Back in 2008, Microsoft acquired some innovative technology called U-Prove that promised to solve an age old privacy question: How can I disclose the minimal information that I need to for the purpose of an online transaction, without having to also disclose additional (sensitive) information to establish trust in that first set of data. U-Prove does this using some innovative cryptographic techniques that are explained in the freely available e-book “Rethinking Public Key Infrastructures and Digital Certificates; Building in Privacy” by the creator of the technology, Dr. Stefan Brands.
2 years later, today at RSA, Microsoft announced not only that U-Prove technology will be incorporated into their upcoming identity platform technologies, but (more importantly for the identity community) that they are releasing it under its “Open Specifications Promise”, allowing anybody to use and incorporate the technology royalty-free. You can read more detailed analysis on the announcement by Kuppinger Cole analyst Felix Gaehtgens here. Suffice to say, those of us in the identity and privacy community are glad to see this day finally come.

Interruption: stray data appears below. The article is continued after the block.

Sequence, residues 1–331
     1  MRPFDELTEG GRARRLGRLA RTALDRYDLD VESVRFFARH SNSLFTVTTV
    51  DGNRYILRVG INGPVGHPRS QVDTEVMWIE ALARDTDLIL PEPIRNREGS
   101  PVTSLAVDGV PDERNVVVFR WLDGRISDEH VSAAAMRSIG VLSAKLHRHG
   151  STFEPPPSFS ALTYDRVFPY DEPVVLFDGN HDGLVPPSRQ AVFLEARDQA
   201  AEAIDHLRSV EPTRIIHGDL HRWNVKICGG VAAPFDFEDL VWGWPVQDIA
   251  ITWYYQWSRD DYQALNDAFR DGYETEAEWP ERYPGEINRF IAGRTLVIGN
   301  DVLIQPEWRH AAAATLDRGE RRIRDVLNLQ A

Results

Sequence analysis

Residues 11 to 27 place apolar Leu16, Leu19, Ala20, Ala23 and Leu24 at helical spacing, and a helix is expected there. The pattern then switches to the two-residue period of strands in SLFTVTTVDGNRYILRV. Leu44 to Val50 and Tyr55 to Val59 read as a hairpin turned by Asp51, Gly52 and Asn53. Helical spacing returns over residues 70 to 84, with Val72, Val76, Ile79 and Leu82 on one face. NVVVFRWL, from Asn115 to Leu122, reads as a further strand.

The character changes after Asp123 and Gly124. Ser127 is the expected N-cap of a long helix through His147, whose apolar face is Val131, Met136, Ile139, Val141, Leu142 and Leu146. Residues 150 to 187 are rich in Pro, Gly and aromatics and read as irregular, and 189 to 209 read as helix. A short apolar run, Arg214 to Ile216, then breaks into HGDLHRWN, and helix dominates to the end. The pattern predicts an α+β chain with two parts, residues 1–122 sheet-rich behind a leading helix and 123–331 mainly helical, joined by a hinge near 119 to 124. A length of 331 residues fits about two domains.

By enabling truly minimal identity disclosure as part of trusted online transactions, the technology has the potential to open up the floodgates on a number of identity-based transactions that were previously considered onerous if not near impossible due to privacy concerns. Microsoft’s demo during the RSA keynote demonstrated one of the most obvious use cases: creating trusted online IDs that are based on, but don’t expose, authoritative government issued IDs. Think of it as being able to show the bartender your drivers license for age verification, but with everything except the date of birth blacked out, and the bartender still is assured that the information presented is accurate. This means big things for the advancement of claims-based identity transactions. Should be interesting.